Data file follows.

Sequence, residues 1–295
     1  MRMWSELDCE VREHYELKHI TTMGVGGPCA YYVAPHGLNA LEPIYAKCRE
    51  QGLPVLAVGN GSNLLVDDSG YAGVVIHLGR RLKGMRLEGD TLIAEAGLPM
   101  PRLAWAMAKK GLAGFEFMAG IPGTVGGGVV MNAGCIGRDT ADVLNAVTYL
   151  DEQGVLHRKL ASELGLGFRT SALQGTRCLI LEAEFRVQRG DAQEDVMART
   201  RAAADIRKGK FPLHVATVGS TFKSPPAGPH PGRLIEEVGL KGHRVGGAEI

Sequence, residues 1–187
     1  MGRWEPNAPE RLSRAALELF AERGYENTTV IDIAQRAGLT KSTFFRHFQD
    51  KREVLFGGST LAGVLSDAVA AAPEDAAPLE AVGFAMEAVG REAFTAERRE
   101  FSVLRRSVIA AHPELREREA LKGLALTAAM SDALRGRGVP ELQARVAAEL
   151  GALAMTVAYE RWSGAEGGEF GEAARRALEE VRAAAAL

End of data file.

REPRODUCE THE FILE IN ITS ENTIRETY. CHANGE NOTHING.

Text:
Sequence, residues 1–295
     1  MRMWSELDCE VREHYELKHI TTMGVGGPCA YYVAPHGLNA LEPIYAKCRE
    51  QGLPVLAVGN GSNLLVDDSG YAGVVIHLGR RLKGMRLEGD TLIAEAGLPM
   101  PRLAWAMAKK GLAGFEFMAG IPGTVGGGVV MNAGCIGRDT ADVLNAVTYL
   151  DEQGVLHRKL ASELGLGFRT SALQGTRCLI LEAEFRVQRG DAQEDVMART
   201  RAAADIRKGK FPLHVATVGS TFKSPPAGPH PGRLIEEVGL KGHRVGGAEI

Sequence, residues 1–187
     1  MGRWEPNAPE RLSRAALELF AERGYENTTV IDIAQRAGLT KSTFFRHFQD
    51  KREVLFGGST LAGVLSDAVA AAPEDAAPLE AVGFAMEAVG REAFTAERRE
   101  FSVLRRSVIA AHPELREREA LKGLALTAAM SDALRGRGVP ELQARVAAEL
   151  GALAMTVAYE RWSGAEGGEF GEAARRALEE VRAAAAL